|What will we Cover?|
Functional programming should not be confused with imperative (or procedural) programming. Neither is it like object oriented programming. It is something different. Not radically so, since the concepts that we will be exploring are familiar programming concepts, just expressed in a different way. The philosophy behind how these concepts are applied to solving problems is also a little different.
Functional programming is all about expressions. In fact another way to describe FP might be to term it expression oriented programming since in FP everything reduces to an expression. You should recall that an expression is a collection of operations and variables that results in a single value. Thus x == 5 is a boolean expression. 5 + (7-Y) is an arithmetic expression. And "Hello world".uppercase() is a string expression. The latter is also a function call (Or more strictly a method call) on the string object "Hello world" and, as we shall see, functions are very important in FP (You might already have guessed that from the name!).
Functions are used as objects in FP. That is they are often passed around within a program in much the same way as other variables. We have seen examples of this in our GUI programs where we assigned the name of a function to the command attribute of a Button control. We treated the event handler function as an object and assigned a reference to the function to the Button. This idea of passing functions around our program is key to FP.
Functional Programs also tend to be heavily List oriented.
Finally FP tries to focus on the what rather than the how of problem solving. That is, a functional program should describe the problem to be solved rather than focus on the mechanism of solution. There are several programming languages which aim to work in this way, one of the most widely used is Haskell and the Haskell web site ( www.haskell.org) has numerous papers describing the philosophy of FP as well as the Haskell language. (My personal opinion is that this goal, however laudable, is rather overstated by FP's advocates.)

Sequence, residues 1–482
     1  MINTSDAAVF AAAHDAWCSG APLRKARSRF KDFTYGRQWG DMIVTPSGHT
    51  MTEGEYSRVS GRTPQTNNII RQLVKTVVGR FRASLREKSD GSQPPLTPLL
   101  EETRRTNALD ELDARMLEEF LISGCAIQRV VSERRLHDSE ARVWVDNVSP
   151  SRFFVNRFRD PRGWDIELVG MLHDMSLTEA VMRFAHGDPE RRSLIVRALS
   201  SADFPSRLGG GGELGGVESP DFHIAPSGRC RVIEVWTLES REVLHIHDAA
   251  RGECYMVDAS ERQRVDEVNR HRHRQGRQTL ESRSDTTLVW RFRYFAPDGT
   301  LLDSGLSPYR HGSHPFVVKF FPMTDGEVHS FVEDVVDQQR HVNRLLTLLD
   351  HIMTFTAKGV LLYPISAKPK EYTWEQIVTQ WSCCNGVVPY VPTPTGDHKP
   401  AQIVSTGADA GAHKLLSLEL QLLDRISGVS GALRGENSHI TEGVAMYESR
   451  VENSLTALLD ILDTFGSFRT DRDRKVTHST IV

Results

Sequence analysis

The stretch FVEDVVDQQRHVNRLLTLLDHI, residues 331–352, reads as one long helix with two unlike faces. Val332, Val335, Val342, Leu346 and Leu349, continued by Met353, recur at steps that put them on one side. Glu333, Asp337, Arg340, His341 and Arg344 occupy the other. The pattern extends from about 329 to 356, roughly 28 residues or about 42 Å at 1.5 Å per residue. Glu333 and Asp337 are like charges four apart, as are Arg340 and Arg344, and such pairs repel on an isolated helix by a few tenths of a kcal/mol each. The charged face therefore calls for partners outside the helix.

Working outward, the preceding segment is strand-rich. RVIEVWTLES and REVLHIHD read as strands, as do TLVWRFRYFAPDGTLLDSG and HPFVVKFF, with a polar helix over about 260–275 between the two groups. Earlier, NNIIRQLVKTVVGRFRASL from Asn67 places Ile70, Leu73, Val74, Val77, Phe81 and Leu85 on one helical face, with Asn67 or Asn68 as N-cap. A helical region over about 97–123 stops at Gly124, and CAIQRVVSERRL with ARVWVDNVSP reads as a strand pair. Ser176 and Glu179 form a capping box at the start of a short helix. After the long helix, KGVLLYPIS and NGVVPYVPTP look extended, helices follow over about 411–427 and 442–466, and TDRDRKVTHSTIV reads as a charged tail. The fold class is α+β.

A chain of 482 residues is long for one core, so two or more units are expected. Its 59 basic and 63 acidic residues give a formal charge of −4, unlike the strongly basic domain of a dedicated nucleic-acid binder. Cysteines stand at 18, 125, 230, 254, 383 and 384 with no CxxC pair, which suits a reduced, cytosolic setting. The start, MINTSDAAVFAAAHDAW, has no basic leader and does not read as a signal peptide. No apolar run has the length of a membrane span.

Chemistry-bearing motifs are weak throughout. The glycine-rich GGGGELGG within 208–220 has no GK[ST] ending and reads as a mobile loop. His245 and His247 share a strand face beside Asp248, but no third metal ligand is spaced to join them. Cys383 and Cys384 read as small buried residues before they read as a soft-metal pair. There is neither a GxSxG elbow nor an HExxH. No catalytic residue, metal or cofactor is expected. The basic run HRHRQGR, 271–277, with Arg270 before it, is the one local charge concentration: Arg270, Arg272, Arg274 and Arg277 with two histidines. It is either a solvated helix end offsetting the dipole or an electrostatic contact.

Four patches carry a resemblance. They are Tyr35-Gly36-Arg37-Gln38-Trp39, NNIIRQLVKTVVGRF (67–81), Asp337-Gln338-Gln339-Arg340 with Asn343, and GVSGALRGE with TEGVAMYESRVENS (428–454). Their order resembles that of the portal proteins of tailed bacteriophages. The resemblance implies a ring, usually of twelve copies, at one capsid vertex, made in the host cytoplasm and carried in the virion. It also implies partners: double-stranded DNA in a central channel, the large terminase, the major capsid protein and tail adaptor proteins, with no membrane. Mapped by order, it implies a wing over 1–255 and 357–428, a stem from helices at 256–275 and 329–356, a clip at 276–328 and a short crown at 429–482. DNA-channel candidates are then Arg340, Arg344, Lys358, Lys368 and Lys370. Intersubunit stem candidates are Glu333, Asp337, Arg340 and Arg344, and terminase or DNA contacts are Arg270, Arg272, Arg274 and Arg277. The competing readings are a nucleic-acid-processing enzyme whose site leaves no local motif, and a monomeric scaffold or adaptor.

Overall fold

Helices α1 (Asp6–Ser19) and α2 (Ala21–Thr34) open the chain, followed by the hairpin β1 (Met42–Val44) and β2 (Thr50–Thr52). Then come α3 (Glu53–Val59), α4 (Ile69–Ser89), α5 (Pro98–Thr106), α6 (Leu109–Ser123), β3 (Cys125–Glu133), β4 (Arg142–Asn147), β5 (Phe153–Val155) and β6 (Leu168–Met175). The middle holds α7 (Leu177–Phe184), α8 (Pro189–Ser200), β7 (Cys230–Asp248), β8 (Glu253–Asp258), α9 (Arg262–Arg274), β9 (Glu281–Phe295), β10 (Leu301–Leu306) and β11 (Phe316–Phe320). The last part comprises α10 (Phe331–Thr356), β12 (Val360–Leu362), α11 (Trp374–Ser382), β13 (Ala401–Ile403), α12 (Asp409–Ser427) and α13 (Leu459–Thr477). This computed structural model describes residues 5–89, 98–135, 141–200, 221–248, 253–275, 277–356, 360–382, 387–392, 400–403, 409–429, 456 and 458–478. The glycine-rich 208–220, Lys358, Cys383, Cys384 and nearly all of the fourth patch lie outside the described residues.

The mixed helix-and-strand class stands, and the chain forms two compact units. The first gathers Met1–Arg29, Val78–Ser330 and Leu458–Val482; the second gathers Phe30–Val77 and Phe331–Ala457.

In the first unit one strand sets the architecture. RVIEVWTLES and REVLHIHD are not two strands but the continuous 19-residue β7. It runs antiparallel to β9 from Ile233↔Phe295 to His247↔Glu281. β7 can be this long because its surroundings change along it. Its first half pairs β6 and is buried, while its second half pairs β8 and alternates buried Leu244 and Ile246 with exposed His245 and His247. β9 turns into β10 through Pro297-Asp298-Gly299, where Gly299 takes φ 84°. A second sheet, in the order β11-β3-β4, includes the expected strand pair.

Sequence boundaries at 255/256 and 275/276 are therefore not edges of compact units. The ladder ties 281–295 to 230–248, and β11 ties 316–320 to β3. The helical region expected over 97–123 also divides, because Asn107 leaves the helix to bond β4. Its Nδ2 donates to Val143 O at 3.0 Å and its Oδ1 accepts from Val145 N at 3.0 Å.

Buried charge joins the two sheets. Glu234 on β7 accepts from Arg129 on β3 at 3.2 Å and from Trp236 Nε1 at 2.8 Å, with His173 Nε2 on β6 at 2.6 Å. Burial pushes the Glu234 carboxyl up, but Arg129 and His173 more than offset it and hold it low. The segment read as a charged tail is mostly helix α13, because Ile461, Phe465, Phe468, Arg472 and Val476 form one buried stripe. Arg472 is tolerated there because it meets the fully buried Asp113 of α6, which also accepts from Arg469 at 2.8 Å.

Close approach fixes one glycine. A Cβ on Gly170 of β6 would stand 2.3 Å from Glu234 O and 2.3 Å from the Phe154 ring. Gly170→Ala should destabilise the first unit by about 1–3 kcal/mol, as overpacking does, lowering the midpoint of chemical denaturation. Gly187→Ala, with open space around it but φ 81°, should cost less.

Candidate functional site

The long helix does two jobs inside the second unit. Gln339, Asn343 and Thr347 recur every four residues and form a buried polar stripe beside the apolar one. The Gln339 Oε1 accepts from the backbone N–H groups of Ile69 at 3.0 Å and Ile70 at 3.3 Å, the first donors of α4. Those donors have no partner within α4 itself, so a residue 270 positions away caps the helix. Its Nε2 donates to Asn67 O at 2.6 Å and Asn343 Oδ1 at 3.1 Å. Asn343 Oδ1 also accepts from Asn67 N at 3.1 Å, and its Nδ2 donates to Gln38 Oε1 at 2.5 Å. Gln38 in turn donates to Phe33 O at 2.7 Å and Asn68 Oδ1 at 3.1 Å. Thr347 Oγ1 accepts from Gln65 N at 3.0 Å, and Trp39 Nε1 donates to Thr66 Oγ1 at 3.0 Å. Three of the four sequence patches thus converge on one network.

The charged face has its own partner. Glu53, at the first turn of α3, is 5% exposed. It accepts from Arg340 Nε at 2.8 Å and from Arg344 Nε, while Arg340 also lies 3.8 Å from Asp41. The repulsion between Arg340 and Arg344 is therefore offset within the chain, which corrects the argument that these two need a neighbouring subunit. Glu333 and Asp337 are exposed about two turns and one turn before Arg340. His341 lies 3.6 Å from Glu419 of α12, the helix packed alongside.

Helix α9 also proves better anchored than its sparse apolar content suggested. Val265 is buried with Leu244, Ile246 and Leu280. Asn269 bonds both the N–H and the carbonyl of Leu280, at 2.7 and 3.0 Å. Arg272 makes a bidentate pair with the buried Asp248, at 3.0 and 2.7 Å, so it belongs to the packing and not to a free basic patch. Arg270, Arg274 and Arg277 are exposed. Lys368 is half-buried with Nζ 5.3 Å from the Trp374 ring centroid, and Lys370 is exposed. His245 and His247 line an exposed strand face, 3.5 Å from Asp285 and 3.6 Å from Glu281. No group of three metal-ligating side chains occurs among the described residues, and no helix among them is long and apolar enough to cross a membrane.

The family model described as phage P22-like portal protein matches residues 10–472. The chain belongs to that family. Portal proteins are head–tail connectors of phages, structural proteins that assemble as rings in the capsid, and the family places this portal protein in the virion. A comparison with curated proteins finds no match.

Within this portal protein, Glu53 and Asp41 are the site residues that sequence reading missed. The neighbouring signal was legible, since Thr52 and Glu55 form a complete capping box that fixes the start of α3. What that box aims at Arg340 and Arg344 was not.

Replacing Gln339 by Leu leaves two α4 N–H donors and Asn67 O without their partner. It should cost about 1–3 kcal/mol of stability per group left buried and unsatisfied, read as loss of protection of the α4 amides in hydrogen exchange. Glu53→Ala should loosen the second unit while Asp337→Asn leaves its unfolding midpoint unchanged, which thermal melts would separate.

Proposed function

A pure functional program is structured by defining an expression which captures the intent of the program. Each term of the expression is in turn a statement of a characteristic of the problem (maybe encapsulated as another expression) and the evaluation of each of these terms eventually yields a solution.
Well, that's the theory. Does it work? Yes, sometimes it works very well. For some types of problem it is a natural and powerful technique. Unfortunately for many other problems it requires a fairly abstract thinking style, heavily influenced by mathematical principles. The resultant code is often far from readable to the layman programmer. The resultant code is also very often much shorter than the equivalent imperative code and more reliable.
It is these latter qualities of conciseness and reliability that have drawn many conventional imperative or object oriented programmers to investigate FP. Even if not embraced whole heartedly there are several powerful tools that can be used by all.
|FP and Reliability|
The reliability of Functional Programs comes in part from the
very close relationship between FP constructs and formal
specification languages such as Z or VDM. If a problem is specified
in a formal language it is a fairly straightforward step to
translate the specification into an FP language like Haskell.
Of course if the original specification is wrong then the
resultant program will merely accurately reflect the error!
This principle is known in computer science as "Garbage In, Garbage Out". The inherent difficulty of expressing system requirements in a concise and unambiguous manner remains one of the greatest challenges of software engineering.
Python provides several functions which enable a functional approach to programming. These functions are all convenience features in that they can be written in Python fairly easily. What is more important however is the intent implicit in their provision, namely to allow the Python programmer to work in a FP manner if he/she wishes.